So that’s definitely a factor. But there are all sorts of other types of vandalism surrounding this, which I think is interesting. If we go back to the city of Amsterdam, where there are so many bikes, it really is one of the main cycling cities in the world. And there are so many channels. It’s sort of an ideal environment for soaking or drowning bikes. And that’s been such a big problem historically that there’s this municipal core of what they call “bike fishers” there that the city employs to dredge bikes out of the canal.

On the role of self-service bicycle services in increasing this

I think that is what is causing the current widespread phenomenon. The fact that these bike programs are proliferating around the world, which I think we can say is a good thing – we need more bikes in the city – but there are simply more of them. And in fact, you can imagine people feeling a bit more unpunished, that a would-be bike drowner would feel less guilty throwing a bike in the water if it’s a shared bike that has a bank or some sort of corporate sponsor logo on the fender as opposed to, you know, Joe-Schmoe’s bike.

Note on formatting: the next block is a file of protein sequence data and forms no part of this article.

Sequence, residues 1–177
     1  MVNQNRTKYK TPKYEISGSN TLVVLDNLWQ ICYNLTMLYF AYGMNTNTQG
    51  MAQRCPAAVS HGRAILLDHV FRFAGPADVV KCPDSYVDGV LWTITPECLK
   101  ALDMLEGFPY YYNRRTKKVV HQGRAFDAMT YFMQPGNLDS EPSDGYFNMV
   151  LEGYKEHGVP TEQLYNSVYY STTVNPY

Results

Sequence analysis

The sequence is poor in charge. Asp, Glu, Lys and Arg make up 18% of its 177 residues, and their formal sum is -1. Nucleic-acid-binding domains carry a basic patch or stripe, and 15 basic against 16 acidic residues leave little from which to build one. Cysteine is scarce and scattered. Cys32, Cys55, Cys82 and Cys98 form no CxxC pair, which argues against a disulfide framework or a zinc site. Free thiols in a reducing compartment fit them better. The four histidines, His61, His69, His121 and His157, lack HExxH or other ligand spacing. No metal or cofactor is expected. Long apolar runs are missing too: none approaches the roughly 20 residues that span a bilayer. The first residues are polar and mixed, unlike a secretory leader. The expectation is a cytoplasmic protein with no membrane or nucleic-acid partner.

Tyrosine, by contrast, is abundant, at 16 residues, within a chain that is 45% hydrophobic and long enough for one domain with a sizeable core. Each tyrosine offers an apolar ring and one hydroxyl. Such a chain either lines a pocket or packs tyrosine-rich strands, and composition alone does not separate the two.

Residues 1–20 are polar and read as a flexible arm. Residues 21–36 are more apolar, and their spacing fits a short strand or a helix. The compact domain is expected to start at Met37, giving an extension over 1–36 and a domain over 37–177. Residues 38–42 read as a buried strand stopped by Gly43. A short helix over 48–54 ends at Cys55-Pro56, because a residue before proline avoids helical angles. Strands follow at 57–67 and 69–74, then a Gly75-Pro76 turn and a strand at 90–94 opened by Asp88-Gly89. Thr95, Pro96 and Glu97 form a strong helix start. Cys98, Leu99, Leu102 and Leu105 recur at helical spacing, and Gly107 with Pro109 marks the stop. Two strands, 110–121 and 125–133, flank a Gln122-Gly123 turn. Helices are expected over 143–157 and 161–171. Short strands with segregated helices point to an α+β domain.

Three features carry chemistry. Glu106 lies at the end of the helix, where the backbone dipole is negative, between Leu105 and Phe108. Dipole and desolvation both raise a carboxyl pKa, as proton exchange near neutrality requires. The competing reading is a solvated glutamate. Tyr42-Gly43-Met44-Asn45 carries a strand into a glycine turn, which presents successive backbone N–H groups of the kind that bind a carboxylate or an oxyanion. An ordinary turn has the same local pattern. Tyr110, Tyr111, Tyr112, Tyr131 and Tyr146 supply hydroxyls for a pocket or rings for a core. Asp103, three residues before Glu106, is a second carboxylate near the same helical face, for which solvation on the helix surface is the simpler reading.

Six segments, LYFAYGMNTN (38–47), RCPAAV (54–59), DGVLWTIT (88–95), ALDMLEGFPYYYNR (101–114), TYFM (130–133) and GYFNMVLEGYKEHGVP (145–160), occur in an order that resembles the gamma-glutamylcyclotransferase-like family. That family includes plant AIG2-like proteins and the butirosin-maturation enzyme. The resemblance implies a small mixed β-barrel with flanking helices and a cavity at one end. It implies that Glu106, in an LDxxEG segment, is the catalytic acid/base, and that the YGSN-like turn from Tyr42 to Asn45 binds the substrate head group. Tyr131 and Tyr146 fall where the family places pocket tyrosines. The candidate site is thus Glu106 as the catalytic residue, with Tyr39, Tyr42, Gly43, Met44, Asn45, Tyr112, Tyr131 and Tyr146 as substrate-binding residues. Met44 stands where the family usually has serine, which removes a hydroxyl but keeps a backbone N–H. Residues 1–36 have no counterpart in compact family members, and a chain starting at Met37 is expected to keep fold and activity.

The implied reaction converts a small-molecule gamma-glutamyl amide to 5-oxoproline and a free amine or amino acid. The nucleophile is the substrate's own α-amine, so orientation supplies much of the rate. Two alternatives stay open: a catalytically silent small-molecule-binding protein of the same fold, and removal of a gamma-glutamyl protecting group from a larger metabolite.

There may be what you might call a political dimension to this. We are seeing a sort of increasingly heated debate about what types of vehicles belong on city streets. Motorists react to the increase in the number of bicycles on the streets, sometimes with great annoyance and sometimes with outright violence. It may therefore be that at least these drowned bicycles, these ransacked and vandalized bicycles reflect a kind of permanent battle for the right to the roadway.